As one of the “gang of seven” who founded BRIEFING in 1980 / 81, along with Graham Bash and Ken Livingstone (whatever happened to him?), I was genuinely sorry to have the frankly daft proposal thrust on us to become the L.R.C. “House Journal”. This is just another way of burying BRIEFING. This nearly happened two years ago at the 2010 A.G.M. Having listened carefully to both sides of the debate, I eventually decided that this was not any sort of way forward and voted against. The vote was tied 18-18 with a number of abstentions so the motion had to be declared “not carried”. That should have been the end of it but it was resurrected again this year. It’s not very democratic when you constantly keep coming back and try to force through votes that you know will split the organisation down the middle whoever wins. It was clear weeks before that both the EB and AGM was hopelessly split and any vote would be a bit of a joke as people turned up who hadn’t been to Labour Party meeting for years and some who saw BRIEFING as some sort of small sect that they could perform in front of. The inevitable happened and some supporters marched off into the L.R.C. – whose own more sectarian elements don’t want them anyway.

    BRIEFING will keep going as an independent publication – it always has done despite the fury of the Party bureaucracy, takeover bids from ultra-left sects and the great “war weariness” of a lot of us. Whether the L.R.C. will keep it’s mighty organ going for any length of time is more problematic – I suspect that it won’t.

  6. Jackie Walker says:

    What a strange set of comments from Keith. Nobody walked off to the LRC. The vote was carried. A splinter group of 5 decided against joining in with the rest of the EB. Membership of the Labour party was not a prerequisite to being on the Briefing EB and as far as I know has never been. Keith has not been active in Briefing for some time and his stout defence of the dwindling and ageing profile of the EB – that there were lots of old people round these days and there was nothing wrong with ageing, hardly helped win people over to his point if view. The confusion of Keith’s account can be seen in the fact that the overwhelming majority of active members of the EB backed Pete Firmins motion to ensure that Briefing would keep going and have a future, not just a past.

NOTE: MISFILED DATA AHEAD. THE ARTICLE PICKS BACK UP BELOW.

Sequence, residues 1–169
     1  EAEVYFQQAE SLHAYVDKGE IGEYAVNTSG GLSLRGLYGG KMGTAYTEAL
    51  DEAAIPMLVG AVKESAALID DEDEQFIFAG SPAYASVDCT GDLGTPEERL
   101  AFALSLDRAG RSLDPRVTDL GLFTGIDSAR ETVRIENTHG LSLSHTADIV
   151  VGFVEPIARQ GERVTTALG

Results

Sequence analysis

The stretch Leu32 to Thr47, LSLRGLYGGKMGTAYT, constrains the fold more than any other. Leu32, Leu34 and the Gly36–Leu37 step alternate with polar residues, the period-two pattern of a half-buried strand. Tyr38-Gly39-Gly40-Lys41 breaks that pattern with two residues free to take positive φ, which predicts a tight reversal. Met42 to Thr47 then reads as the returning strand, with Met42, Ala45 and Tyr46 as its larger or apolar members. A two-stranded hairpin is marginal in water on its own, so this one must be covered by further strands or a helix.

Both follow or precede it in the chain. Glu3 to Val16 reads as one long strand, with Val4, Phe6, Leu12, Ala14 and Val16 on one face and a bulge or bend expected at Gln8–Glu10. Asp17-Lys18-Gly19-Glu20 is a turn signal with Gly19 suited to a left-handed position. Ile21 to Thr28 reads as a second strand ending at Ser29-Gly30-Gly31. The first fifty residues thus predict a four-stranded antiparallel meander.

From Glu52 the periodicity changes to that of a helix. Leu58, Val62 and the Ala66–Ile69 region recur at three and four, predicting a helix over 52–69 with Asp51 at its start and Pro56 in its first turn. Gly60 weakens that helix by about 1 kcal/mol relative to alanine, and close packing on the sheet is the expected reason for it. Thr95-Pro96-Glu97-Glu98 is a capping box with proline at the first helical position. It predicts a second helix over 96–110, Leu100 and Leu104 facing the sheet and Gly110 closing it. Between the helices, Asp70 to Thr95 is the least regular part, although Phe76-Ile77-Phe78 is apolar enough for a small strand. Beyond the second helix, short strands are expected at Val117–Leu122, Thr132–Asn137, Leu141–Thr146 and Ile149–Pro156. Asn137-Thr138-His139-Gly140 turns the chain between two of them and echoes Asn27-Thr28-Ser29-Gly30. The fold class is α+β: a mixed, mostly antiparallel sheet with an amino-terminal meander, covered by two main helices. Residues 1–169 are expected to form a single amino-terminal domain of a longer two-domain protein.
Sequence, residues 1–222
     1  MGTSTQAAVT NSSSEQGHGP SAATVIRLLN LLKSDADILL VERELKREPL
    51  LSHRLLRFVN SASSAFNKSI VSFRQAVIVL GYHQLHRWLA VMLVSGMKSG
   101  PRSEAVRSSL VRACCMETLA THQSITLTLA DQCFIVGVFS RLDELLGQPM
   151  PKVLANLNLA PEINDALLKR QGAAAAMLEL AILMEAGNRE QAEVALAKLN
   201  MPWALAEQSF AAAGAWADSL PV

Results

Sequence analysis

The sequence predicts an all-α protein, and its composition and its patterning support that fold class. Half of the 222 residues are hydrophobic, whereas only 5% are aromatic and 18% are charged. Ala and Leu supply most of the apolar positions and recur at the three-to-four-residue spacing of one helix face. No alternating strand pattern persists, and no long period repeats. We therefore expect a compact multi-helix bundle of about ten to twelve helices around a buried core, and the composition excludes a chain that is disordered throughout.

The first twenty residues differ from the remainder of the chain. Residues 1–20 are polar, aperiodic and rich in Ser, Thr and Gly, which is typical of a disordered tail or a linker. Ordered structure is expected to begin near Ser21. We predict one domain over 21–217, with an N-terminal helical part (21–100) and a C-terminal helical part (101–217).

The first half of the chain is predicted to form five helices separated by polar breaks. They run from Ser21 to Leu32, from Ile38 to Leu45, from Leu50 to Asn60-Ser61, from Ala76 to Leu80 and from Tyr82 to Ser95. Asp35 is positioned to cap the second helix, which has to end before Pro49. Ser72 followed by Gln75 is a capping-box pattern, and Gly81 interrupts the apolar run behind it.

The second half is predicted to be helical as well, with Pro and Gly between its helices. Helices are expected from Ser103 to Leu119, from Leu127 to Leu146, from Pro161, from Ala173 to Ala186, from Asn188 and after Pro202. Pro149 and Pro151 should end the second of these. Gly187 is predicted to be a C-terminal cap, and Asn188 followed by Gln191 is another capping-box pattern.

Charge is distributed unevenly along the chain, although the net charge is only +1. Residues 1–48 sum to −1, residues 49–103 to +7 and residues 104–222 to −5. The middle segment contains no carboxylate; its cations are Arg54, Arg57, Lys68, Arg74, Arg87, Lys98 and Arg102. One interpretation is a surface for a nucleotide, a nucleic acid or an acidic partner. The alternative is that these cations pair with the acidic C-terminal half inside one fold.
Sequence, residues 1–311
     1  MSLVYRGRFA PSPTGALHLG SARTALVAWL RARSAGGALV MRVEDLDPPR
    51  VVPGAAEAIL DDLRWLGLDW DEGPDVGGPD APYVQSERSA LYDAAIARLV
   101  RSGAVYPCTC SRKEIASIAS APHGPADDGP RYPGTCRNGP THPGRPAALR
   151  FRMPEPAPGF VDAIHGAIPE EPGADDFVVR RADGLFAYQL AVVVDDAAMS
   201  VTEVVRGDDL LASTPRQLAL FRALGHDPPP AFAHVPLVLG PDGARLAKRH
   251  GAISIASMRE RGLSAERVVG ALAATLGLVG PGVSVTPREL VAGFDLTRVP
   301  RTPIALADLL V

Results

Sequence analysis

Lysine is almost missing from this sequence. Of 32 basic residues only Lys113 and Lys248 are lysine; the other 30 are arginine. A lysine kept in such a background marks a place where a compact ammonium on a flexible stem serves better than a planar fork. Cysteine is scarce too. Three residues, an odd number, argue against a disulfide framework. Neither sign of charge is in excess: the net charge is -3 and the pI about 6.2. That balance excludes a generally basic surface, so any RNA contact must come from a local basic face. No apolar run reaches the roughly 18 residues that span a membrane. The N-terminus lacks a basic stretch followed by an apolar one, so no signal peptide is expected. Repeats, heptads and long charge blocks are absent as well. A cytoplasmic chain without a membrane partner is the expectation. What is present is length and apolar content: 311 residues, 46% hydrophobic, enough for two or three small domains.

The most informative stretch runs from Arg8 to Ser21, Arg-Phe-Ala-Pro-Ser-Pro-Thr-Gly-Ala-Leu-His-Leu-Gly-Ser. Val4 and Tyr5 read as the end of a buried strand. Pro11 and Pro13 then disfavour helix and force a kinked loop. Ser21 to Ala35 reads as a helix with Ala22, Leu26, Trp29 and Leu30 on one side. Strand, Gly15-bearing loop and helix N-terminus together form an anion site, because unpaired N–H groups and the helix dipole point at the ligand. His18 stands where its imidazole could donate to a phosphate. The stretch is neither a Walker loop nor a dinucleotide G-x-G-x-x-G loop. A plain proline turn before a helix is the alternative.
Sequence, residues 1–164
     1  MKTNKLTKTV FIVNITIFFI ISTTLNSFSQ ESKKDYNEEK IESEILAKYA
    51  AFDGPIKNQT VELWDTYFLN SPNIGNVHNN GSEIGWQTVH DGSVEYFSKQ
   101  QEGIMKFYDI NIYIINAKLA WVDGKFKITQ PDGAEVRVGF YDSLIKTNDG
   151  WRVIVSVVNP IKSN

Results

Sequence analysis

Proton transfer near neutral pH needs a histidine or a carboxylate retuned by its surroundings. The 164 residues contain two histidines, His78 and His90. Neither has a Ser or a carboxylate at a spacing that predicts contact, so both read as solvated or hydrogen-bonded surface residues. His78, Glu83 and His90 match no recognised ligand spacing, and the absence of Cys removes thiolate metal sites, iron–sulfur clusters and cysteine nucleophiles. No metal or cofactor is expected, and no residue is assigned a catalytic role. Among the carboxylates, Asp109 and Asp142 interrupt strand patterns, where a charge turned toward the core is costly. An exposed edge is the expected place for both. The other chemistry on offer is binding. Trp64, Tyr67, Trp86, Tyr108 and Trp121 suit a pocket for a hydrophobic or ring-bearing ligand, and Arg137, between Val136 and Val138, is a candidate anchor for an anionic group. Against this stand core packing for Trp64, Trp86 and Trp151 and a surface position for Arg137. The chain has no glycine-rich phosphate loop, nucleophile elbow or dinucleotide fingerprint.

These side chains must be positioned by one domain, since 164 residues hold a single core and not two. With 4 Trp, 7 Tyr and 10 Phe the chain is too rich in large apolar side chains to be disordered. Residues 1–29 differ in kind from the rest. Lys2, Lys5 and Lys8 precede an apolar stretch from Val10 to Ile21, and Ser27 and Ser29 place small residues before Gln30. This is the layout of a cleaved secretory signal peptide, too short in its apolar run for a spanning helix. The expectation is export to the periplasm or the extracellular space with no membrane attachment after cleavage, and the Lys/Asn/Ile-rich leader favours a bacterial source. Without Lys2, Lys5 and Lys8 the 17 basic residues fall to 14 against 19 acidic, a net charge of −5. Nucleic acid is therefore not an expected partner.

7. Keith Veness says:

    I’ve only just read the Jackie Walker comment so won’t get into too long a wrangle – but I have been involved in some aspect or the other of BRIEFING since it’s foundation and loyally sold and paid for ten copies each issue since 1981. How long have you been selling and defending it?

    No, there was never any “requirement” to be a Labour Party member – we have occasionally carried articles from Arthur Scargill, Green Party activists, Sinn Feiners, SNP & Plaid members etc but why would anyone who didn’t want to be in the Labour Party become involved in a magazine that has ALWAYS orientated itself to organising in ward Labour Parties and TU branches etc. I was personally rather pissed off with Pete Firmin’s remarks about there being “no activity in the CLPs” – he obviously hasn’t tried to organise any lately. Even worst was a few contributions from LRC supporters still trying to pose as Lenin / Trotsky etc. and use BRIEFING as some sort of “democratic centralist sect” – the very opposite of what is was founded for. Anyway Jackie, enjoy your time wrangling at various LRC committes – I gather the last one was pretty awful – and BRIEFING will keep organising as a Labour journal as it has done for the last 30 years.

  8. Jackie Walker says:

    Oh dear Keith, so unless you’ve been there for years you have no right to speak? It’s just this attitude that saw Briefing on a downward slope. I think what I said was that you had not been involved in the publication or on the EB of Briefing for some time and that is so isn’t it Keith.
    I hear the last issue of the magazine calling itself Original Briefing that has you and (I think) 5 (minority of members) of the old EB working on it had some trouble getting out this month in part because of the very reasons why we had to change the way Briefing was structured.
    And Keith you have not responded to the issue of not accepting the democratic vote to transfer. This action is ironical coming as it does from people who shout about democracy in the Labour party!
    What is laughingly called ‘Original Briefing’ will go on no doubt for a while, heavily subsidised by the private pocket books of those who write for it, as a sort of vanity project. Oh well. Keep writing Keith, enjoy the sea. I’m sure your mass of growing readers will keep you going. Ha!